1. Extend your engagement. A longer planning period means a better chance of getting the best vendors in your price range. Plus, you can typically lock in rates that might increase by the time your wedding date arrives.
2. Imbibe wisely. Many sites offer consumption bars (you pay for the liquor your guests drink) or open bars (a flat fee per guest). If your invitees are light drinkers, a consumption bar will save you cash. One caveat: Make sure you trust the establishment tallying drinks.
3. Limit your attendants. You could save hundreds on the boutonnieres and bouquets, not to mention all of the gifts you would need to buy for a large wedding party.
4. Avoid a Saturday night soiree. Wedding pros charge their highest fees for parties that are held on this evening. If you're willing to move your event to a Friday or Sunday night, you'll probably get lower rates-and even better ones for a weeknight wedding.
5. Marry in the off-season. Prime party times are from May to October in most parts of the country. If you instead plan your nuptials for January, for instance, you'll have a better chance of finding vendors who will drop their rates.
6. Steer clear of holidays. A Valentine's Day wedding will mean higher costs for flowers-and for nuptials on New Year's Eve, your site may charge you overtime rates for staffing.
7. Shop strategically. When searching for a gown within your budget, avoid luxe materials and embellishments. Instead, go for textured fabrics like silk organza, crinkled silk and silk faille, which look and feel more expensive than they are.
8. Inquire about freebies. Some sites include a cake, flowers or a honeymoon suite in wedding packages.
9. Pick a multipurpose venue. If you use one site for the ceremony and reception, you'll save on site fees and won't have to pay for transportation to both spots.
10. Keep it to one card. If you can fit all of your reception information on the wedding invitation, you'll save on the materials and printing costs, and possibly even on the postage.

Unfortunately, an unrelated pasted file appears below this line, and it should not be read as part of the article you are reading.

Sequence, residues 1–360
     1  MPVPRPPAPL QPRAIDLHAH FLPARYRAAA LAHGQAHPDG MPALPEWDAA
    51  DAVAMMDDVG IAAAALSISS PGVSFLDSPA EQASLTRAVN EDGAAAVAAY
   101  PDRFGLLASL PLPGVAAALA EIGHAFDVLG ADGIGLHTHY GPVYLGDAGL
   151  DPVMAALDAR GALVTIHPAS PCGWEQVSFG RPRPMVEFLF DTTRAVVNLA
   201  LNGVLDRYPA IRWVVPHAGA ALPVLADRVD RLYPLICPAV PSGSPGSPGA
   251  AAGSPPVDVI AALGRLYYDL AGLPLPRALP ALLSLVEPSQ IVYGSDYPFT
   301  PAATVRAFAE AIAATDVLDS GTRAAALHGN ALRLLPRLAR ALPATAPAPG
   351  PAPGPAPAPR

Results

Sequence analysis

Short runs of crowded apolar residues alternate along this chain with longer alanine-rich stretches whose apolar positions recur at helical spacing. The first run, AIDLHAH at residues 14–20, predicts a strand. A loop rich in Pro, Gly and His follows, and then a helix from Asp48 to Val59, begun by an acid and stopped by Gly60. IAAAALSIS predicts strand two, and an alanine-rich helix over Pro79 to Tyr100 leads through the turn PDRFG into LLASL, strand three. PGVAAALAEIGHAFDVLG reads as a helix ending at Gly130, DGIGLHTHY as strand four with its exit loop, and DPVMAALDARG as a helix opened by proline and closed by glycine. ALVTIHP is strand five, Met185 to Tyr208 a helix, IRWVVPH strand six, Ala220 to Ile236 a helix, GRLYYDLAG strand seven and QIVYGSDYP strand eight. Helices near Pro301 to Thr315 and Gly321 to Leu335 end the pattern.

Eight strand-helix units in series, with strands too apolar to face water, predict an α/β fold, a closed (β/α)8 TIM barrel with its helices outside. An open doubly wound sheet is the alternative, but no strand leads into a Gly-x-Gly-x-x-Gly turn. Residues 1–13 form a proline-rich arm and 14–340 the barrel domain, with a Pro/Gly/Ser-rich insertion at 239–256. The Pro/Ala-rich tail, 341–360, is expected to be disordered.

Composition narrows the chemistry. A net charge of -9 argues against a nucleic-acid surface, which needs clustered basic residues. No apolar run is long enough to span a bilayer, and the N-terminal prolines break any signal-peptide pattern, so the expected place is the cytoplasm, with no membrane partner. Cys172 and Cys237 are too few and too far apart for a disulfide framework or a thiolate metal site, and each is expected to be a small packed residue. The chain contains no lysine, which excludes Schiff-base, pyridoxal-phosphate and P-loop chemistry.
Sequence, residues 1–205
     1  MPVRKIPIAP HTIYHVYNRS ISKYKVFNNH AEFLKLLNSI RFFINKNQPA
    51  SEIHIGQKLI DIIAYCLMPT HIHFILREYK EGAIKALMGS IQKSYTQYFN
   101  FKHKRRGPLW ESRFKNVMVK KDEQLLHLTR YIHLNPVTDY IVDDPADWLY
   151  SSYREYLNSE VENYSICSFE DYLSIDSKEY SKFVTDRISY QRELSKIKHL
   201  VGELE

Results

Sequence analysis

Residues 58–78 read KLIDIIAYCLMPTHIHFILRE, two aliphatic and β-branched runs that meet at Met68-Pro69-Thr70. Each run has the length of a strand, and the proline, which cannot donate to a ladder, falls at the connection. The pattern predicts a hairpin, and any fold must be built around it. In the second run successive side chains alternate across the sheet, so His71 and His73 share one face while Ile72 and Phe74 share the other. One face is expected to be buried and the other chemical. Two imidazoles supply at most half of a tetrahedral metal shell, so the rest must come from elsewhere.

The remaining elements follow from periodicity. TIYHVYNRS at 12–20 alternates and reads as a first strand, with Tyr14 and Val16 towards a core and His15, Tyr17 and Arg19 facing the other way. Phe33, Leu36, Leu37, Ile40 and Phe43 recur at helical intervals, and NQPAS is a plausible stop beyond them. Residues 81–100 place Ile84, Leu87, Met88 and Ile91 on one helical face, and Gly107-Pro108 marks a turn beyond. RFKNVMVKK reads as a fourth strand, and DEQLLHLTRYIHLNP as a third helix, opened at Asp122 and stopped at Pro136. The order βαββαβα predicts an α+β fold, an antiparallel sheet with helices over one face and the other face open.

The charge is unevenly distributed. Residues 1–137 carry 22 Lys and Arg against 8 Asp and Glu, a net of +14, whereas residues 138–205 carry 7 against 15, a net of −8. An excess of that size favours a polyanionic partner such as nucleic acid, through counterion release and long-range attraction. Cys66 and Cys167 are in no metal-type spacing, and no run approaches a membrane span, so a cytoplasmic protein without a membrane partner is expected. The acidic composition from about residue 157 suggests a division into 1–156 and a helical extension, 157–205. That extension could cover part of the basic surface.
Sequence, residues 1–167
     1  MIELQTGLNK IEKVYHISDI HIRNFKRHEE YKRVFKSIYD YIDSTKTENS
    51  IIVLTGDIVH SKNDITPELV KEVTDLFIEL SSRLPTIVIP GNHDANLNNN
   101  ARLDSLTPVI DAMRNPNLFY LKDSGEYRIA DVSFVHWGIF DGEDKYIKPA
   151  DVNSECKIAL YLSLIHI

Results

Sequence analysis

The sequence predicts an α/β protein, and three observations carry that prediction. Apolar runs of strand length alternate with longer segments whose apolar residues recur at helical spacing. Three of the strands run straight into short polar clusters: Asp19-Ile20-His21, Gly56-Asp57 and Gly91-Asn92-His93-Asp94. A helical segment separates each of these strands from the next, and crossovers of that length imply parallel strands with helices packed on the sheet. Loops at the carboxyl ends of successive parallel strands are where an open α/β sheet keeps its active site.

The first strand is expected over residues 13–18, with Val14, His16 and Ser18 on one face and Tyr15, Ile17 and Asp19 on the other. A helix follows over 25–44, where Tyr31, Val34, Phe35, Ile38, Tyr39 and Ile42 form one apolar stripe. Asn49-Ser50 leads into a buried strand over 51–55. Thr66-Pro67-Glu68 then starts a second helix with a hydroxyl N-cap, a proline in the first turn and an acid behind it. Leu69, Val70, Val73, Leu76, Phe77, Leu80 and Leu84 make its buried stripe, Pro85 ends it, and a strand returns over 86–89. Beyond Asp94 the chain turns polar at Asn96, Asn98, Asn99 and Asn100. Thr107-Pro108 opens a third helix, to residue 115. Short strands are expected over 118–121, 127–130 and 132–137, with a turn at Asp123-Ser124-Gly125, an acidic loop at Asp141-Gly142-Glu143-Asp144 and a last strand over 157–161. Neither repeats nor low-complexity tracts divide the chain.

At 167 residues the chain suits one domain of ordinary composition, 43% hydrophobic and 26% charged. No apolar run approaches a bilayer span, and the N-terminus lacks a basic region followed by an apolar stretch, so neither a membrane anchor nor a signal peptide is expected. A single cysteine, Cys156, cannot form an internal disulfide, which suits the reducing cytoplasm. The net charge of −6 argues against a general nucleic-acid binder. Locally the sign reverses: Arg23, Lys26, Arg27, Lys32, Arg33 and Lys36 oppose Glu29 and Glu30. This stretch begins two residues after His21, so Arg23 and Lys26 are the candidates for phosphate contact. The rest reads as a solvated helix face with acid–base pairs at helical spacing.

11. Skip the inner envelope. This is a tradition but certainly not a necessity-it costs extra and may even add more to each invite's postage.
12. Use nonfloral fillers. Mix fruit with flowers to create a beautiful centerpiece for half the price of a flowers-only design. Or ask for extra greenery to fill out the arrangement at a lower cost.
13. Be choosy. For a destination wedding, select a hotel with an on-site wedding coordinator so you don't have to pay for an independent planner. Also, choosing an all-inclusive resort can save cash; if there's a reception fee, it tends to be small.
14. Throw a brunch (or lunch) bash. You'll save on the food (breakfast and lunch entrées are cheaper), the bar (daytime tabs tend to be much smaller) and possibly even the fee for the space.
15. Browse sample sales. Twice a year, many bridal salons sell samples of the dresses they carry at a significant discount. You could land a bargain (but first find out what dry cleaning and alterations might cost, so you can take that into account before your purchase).
16. Pare down ceremony decor. Guests will see these flowers for only an hour or two, so stick with the basics. Consider placing one or two big arrangements up front, where all eyes will be, and leaving the rest of the room decorated very simply.
17. Authorize a market buy. Instead of specifying the blooms you want for your wedding, ask your florist to choose the best bargains available in your color scheme on your big day.
18. Eliminate waiting fees. Hire one car to get you and your groom to and from the ceremony, and then another for the end of the night. Often, you'll end up paying less for two cars than for one limo with overtime charges.
19. Have dual-function flowers. Certain types of bouquets, most notably pomanders and nosegays, can surreptitiously be used twice. After they are carried down the aisle by your bridesmaids, they can be placed in vases to grace guests' tables.
20. Cut out a course. If you serve heavy hors d'oeuvres during the cocktail hour, you can get by with a simple soup or salad, followed by a main course and dessert (or just wedding cake) for the meal.
21. Be sly with centerpieces. Choose less expensive flowers that are in season (such as dahlias or local hydrangeas) to use at the base of the arrangement, since they'll ultimately be covered by pricier blooms.